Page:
-A variety of bell pepper colors add to both the appearance and flavor of your chili. If you go cheap and just use green bell peppers, you can get a sour overtone. Adding a mix of red, yellow, and orange bells really help.
-Once it has simmered to basic tenderness, the chili should not be brought to boil again, just reheated enough to make a semi-steamy bowl-full. If you boil it again you will get mushiness and more sour flavors as sugars break down.
-A really good chili should have some chew left to it that isn't just meat gristle. No one needs slimy-goo bell peppers.
-Shredded cheese and sour cream at the table can add tasty richness and help cut some of the burn of a really spicy chili.

I know this isn't an exact recipe (I pretty much cook by "throw" at this point), but I hope that helps you in some way :)
In case you didn't realize it, I DO have a sense of humor. How about you?
"I will not fear. Fear is the mind-killer... I will face my fear. I will let it pass over and through me, and when it has gone, only I will remain." --The Bene Gesserit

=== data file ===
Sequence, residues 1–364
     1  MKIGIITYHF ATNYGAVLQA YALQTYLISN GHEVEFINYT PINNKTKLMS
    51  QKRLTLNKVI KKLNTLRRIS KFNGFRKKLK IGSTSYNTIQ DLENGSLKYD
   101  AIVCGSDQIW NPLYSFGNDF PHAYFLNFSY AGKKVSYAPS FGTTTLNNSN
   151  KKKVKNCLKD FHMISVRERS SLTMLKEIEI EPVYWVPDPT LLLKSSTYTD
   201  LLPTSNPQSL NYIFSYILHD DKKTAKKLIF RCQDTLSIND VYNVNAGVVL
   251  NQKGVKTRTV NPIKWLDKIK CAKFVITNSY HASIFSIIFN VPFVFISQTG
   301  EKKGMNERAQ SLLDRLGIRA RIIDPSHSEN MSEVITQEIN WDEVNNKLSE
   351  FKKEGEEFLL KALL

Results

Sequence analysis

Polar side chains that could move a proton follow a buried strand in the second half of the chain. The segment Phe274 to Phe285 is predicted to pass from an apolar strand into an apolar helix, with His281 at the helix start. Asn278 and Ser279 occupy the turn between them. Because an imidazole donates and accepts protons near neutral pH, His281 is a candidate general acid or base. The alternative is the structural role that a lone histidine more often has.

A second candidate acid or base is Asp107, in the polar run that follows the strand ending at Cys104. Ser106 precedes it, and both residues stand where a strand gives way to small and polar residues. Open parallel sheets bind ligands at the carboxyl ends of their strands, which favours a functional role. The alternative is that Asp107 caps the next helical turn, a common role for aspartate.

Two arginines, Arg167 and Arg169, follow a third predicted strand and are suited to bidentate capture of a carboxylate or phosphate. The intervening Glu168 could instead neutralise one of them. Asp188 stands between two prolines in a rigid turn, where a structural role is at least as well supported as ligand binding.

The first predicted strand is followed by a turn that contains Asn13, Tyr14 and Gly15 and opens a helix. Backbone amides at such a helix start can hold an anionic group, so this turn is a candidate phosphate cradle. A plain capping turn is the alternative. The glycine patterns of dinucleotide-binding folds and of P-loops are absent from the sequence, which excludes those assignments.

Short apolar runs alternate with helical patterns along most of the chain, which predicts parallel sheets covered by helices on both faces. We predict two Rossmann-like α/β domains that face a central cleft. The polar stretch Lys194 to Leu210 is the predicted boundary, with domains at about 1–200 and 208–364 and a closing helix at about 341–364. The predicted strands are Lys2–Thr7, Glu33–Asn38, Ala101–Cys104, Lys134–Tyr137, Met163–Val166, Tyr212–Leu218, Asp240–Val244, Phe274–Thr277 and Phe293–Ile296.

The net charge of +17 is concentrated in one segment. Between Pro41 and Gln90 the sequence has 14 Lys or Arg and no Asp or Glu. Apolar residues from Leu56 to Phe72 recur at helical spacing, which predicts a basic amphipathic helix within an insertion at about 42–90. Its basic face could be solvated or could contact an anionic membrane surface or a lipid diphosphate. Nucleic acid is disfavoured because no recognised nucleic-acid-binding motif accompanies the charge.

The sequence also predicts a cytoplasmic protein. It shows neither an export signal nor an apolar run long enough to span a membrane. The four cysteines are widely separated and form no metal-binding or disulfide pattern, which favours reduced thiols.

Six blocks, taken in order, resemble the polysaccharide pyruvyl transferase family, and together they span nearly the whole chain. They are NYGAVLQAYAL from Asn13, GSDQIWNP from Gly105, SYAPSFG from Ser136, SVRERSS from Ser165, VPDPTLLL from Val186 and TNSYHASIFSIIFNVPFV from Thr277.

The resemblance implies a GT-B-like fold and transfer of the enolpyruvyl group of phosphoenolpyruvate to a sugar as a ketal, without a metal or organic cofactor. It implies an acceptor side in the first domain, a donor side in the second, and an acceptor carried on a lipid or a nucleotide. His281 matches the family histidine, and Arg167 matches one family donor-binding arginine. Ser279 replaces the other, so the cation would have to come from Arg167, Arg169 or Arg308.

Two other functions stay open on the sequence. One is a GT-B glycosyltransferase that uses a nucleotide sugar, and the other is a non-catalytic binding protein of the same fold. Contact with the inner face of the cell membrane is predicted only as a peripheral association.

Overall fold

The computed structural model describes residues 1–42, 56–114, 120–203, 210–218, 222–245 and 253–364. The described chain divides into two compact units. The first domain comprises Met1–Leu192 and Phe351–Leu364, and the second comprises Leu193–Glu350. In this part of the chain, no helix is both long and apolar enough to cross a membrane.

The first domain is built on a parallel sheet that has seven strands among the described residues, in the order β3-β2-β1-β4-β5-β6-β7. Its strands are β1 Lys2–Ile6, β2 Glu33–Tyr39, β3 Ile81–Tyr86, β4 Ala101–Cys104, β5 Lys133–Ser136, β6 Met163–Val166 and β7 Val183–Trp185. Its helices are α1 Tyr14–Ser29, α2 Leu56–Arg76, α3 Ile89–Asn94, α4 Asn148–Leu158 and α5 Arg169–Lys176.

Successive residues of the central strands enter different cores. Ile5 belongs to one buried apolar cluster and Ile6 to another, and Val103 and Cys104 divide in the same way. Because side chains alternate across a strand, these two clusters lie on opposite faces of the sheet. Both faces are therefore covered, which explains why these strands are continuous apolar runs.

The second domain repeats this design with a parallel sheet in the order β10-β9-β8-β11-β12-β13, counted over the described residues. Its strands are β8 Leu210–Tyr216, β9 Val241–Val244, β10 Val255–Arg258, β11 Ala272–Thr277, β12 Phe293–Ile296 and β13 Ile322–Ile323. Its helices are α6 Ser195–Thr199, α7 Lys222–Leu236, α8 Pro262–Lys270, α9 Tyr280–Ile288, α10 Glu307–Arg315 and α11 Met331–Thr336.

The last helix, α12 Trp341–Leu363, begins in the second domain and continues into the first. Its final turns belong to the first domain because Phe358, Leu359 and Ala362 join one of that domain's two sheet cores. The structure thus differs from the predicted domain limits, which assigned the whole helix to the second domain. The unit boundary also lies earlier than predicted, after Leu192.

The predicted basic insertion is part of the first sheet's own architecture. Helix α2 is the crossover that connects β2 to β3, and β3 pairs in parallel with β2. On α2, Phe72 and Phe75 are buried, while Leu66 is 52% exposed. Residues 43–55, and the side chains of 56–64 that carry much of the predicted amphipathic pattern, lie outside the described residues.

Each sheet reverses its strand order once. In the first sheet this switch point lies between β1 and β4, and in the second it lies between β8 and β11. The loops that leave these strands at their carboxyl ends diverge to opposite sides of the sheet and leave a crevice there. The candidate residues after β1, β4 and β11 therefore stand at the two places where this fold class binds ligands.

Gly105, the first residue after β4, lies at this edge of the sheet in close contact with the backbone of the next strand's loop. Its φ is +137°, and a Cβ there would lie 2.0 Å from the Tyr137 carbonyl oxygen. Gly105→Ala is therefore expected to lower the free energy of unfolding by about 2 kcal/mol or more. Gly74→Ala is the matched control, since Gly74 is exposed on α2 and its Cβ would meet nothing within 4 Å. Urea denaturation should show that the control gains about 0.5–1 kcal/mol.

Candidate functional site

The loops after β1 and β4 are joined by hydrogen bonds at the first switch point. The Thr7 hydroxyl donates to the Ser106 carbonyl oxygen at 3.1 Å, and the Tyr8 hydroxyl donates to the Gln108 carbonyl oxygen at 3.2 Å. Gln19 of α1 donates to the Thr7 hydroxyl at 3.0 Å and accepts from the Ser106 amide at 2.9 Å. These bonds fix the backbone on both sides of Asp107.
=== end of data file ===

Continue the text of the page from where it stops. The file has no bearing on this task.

"Time is a spiral. Space is a curve. I know you get dizzy, but try not to lose your nerve." -- Neil Peart
"I'm not in the ship. I am the ship." -- River Tam
"The truth is simple. It's the lies that get complicated." -- me
"No matter where you go, there you are." --Buckaroo Banzai

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PKMKII
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Re: RECIPES

Postby PKMKII » Fri Jan 27, 2012 12:37 am

Arkaeon wrote:Fresh, thick-diced tomato without seeds is infinitely favorable to canned in any case. Canned tomato is abomination.


Okay, this is true if you're getting local, farm fresh tomatoes when they're in season. However, most tomatoes in the grocery store (ESPECIALLY this time of year) are hothouse monstrosities that are picked when they're unripe and then artificially ripened with ethylene, have horribly thick skin, and tasteless, pale flesh. They're bred for transit and shelf life, not flavor. Whereas the canned tomatoes, because they're not getting shipped, can be made with better tomatoes.
"How is it that hardly any major religion has looked at science and concluded, 'This is better than we thought! The Universe is much bigger than our prophets said, grander, more subtle, more elegant. God must be even greater than we dreamed'? Instead they say, 'No, no, no! My god is a little god, and I want him to stay that way.'" - Carl Sagan

"To doubt everything or to believe everything are two equally convenient solutions; both dispense with the necessity of reflection." - Henri Poincaré